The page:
Why does the Polish language not use the letters Č, Š, and Ž, and instead uses Cz, Sz, and Ż/Rz? Why has the Polish language never adopted the Czech convention to use caron/háček, despite being similar to Czech? Which are reasons for that?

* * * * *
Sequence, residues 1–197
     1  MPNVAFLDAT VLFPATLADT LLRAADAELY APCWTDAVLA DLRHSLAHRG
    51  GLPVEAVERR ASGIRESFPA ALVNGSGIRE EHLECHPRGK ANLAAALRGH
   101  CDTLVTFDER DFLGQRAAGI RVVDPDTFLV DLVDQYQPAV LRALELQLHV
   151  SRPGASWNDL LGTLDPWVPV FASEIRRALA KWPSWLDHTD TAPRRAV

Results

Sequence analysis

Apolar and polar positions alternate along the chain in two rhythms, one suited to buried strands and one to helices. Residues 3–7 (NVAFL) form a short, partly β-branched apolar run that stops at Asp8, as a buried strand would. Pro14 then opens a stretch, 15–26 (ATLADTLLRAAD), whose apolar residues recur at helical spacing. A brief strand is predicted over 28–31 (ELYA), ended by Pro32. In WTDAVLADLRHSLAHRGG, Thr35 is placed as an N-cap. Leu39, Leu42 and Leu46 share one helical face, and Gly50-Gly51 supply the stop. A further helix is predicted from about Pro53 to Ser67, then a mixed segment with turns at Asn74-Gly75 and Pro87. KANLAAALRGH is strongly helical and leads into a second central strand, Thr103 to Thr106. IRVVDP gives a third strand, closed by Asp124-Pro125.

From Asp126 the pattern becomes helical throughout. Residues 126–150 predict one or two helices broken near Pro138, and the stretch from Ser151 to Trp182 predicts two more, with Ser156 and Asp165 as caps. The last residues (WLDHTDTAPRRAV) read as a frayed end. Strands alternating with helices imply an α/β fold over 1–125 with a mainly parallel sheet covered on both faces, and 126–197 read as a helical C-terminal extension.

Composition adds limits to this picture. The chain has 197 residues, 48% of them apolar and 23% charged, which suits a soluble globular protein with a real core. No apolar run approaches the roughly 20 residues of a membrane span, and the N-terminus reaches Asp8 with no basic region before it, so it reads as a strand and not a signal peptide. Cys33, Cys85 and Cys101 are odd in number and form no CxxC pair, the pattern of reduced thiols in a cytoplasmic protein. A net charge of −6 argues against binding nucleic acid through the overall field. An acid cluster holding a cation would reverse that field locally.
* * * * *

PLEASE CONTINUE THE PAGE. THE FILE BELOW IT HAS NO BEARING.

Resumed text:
"Tradition" is the best explanation. Czech, Polish, Slovak and even Hungarian face similar problems of having consonants lacking Latin equivalents. When the Latin alphabet was first introduced, there was a certain amount of chaos in dealing with the palatals. Originally, Czech used some of the spelling conventions also used in Polish – both languages randomly used digraphs as well as diacritics on s and z. Czech benefited from a work Orthographia bohemica published between 1406 and 1412, which eliminated the digraphs and trigraphs in favor of diacritics, eliminating rzss, zr, sr, rzs and so forth. This caught on in a number of other languages, but not as much in Polish, which also had an orthographic reform later at the end of the 18th century. (Unrelated) Hungarian underwent the opposite reform, converting (some) earlier diacritics to digraphs.